Managing glucose levels in hospital patients

You’re likely to encounter hospital patients with diabetes. Are you up to date on the latest management guidelines?

Medication errors after hospital discharge common

A study in Annals of Internal Medicine found that half of patients hospitalized with acute coronary syndromes or acute decompensated heart failure had "clinically...

Study: Acute care elders unit shortens hospital stay, maintains patients’ functional abilities

June’s Health Affairs includes a study of an Acute Care for Elders Unit, which found that length of stay was significantly shorter, inpatient costs...
SWAT nursing specialty

SWAT nursing: A unique specialty

What does SWAT stand for? So Where Are They? Smart, Witty, and Talented? Smiling, Willing, Able, Technical? At the University of Michigan Health System (UMHS),...

Injury patterns in competitive college athletes identified

A study in the Journal of Athletic Training found that male competitive college athletes had a higher acute injury rate than their female counterparts,...

Never fear—the critical-care resource nurse is here

Creating a critical-care resource nurse role has helped one hospital ensure that critically ill patients get the same level of care no matter where they’re admitted.

What’s causing this respiratory distress?

How to recognize and reverse transfuion-related acute lung injury.

Seeking staffing solutions

This update explains the state of legislated staffing solutions - state by state.

Avoiding complications from an acute GI bleed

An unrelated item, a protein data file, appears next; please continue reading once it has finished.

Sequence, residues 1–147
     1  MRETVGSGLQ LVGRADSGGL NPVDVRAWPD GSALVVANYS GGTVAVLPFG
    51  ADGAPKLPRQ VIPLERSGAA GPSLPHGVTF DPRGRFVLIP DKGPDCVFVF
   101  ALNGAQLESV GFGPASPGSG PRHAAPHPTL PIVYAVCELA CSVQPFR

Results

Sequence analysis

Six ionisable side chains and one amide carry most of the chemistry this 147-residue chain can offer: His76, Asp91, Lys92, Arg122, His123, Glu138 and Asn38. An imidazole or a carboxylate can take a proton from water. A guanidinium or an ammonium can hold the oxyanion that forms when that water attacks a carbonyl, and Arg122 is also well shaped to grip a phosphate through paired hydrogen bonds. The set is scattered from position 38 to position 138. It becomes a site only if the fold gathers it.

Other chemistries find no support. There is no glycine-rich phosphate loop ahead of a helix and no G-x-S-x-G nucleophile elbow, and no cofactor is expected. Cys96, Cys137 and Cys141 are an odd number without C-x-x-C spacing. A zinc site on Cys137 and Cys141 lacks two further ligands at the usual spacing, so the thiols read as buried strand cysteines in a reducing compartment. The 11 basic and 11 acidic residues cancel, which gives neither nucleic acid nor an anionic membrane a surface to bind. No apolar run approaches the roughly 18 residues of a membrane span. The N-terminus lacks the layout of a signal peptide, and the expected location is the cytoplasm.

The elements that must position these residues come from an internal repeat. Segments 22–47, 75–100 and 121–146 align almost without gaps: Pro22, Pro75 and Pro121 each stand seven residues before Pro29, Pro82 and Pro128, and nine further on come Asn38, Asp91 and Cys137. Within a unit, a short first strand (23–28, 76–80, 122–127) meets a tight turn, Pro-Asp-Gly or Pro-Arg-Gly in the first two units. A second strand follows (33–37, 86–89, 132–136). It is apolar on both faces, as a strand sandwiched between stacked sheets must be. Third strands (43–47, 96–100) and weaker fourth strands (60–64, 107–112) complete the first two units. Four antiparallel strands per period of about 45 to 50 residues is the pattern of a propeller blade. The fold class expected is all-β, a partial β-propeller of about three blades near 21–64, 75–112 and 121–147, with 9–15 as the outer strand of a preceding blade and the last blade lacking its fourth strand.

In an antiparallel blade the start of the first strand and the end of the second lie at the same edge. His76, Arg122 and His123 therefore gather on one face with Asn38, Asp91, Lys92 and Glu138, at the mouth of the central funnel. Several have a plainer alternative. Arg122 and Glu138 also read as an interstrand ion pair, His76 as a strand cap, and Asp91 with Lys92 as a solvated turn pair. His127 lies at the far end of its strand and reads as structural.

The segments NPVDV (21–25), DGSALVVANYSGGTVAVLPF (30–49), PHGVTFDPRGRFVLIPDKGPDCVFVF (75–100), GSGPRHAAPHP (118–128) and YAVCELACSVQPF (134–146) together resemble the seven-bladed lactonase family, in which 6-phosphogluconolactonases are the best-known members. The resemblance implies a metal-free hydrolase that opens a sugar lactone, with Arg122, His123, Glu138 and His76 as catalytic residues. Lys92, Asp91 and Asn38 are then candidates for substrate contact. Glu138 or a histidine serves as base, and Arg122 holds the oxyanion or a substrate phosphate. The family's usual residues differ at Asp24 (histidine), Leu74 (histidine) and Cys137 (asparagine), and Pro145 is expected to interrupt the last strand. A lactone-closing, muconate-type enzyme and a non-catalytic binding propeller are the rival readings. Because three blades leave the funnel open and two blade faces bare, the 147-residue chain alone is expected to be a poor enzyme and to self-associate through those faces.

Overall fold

When a patient begins to vomit bright red blood, a nurse relies on his knowledge of Mallory-Weiss tears-and the adroit interventions of the rapid response team.

The growing threat of cephalosporin resistance

Extensive use of third-generation cephalosporins has led to cephalosporin-resistant bacterial strains. Learn how these organisms cause deadly infections and you can help control their spread.

Don’t tolerate disruptive physician behavior

No matter if you like - or fear - a doctor who behaves badly, you must report the incident for the sake of the staff, the patients, the institution.

The voice of the consumer

This month, the Centers for Medicare and Medicaid (CMS) begin reporting patient experience data from its Hospital Consumer Assessment of Healthcare Providers and Systems...

Prevailing over acute pancreatitis

How to manage this complex condition correctly to avoid severe complications.

Antidepressant discontinuation syndrome: What every acute-care nurse should know

Rapid withdrawal from antidepressant drugs can cause serious problems in acute-care patients. This article explains why acute-care nurses need to put antidepressant discontinuation syndrome on thier radar screen.

Using antibiotics effectively for acute-care patients

In the ever-escalating war between bacteria and human beings, some of the bugs are outsmarting us. Here's what you need to know about antibiotic therapy to help reduce bacterial resistance and optimize therapy for patients with acute infections.

Most Recent Content

For Nurse Practitioners

Women suffering from a migraine

Quiz: Migraines and Hormones

Women are 2 to 3 times more likely than men to have migraines.  Decades ago, these were attributed to women’s inability to cope with...